In April 2007, volume 14 earned Viz the Manga Trade Paperback of the Year Gem Award from Diamond Comic Distributors.[165] The manga was nominated for Favorite Manga Series in Nickelodeon Magazine's 2009 Comics Awards.[166] In February 2015, Asahi Shimbun announced that Naruto was one of nine nominees for the nineteenth annual Tezuka Osamu Cultural Prize,[167] and the following month Kishimoto was the winner of Rookie of the Year for the series in the Japanese government's Agency for Cultural Affairs 2014 Minister of Education, Culture, Sports, Science, and Technology Fine Arts Recommendation Awards.[168] Responding to Naruto's success, Kishimoto said in Naruto Collector Winter 2007/2008 that he was "very glad that the American audience has accepted and understood ninja. It shows that the American audience has good taste [...] because it means they can accept something previously unfamiliar to them."[169]

Naruto Shippuden has been ranked several times as one of the most watched series in Japan.[170][171] The first DVD compilation released by Viz received a nomination from the American Anime Awards for best package design.[172] In 2011, Naruto helped Viz Media generate $200 million in annual licensed merchandise sales.[173] As of 2019[update], Viz Media has sold more than 3 millionNaruto anime home video units, while Naruto is also a top digital streaming performer on Hulu.[174] It was also the top-earning anime franchise for TV Tokyo in 2019 due to strong overseas sales.[175]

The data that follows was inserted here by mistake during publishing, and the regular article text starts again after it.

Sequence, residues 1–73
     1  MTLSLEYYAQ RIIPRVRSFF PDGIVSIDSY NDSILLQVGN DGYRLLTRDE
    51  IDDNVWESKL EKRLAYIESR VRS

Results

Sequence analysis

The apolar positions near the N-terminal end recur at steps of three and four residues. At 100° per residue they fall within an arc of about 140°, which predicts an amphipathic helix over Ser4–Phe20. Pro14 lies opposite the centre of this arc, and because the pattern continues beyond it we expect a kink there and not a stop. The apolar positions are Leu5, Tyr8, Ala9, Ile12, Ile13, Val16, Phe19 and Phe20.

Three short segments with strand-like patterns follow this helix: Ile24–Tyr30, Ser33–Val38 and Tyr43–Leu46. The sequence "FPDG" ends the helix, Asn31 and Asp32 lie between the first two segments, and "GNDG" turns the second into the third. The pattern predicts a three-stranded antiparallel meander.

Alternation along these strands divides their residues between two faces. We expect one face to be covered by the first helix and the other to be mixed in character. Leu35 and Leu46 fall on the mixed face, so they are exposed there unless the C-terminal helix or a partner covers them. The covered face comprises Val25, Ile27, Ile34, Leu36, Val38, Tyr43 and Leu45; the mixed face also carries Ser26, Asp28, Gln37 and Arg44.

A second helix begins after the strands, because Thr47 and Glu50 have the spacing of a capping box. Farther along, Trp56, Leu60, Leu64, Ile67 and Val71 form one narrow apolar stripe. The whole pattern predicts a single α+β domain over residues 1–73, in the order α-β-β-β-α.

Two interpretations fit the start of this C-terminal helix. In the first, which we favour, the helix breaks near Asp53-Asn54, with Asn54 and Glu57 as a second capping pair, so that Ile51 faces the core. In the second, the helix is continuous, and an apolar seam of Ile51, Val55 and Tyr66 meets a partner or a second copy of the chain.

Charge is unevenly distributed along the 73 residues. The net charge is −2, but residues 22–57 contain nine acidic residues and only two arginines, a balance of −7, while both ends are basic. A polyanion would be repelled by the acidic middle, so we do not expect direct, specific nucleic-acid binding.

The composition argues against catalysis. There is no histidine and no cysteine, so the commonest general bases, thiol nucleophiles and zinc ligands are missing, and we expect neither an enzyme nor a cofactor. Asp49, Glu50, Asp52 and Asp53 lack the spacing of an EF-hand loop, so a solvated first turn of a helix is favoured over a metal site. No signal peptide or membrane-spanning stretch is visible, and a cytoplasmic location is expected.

Several reviewers commented on the balance between fight scenes and plot development; A. E. Sparrow of IGN and Casey Brienza of Anime News Network (ANN) felt that the result was a strong storyline,[176][177] but Carl Kimlinger, also writing for ANN, suggested that there were too many fights, which slowed down the plot.[178] Kimlinger liked the character designs, and approved of the fight scenes themselves[178] which also drew positive comments from Rik Spanjers, who felt that the excitement of the scenes depends on Kishimoto's skill in depicting action.[178] Javier Lugo, writing for Manga Life, agreed, describing the artwork as "dramatic, exciting, and just right for the story he's telling".[179]

The anime and manga magazine Neo described Naruto's character as "irksome", but considered that the series' "almost sickening addictiveness" was due to the quality of the characterization,[180] and in Briana Lawrence's opinion the growth of the characters gave Part II an adult feel.[181] In a review of volume 28 Brienza also praised Part II's storyline and characterization, though she commented that not every volume reached a high level of quality.[176]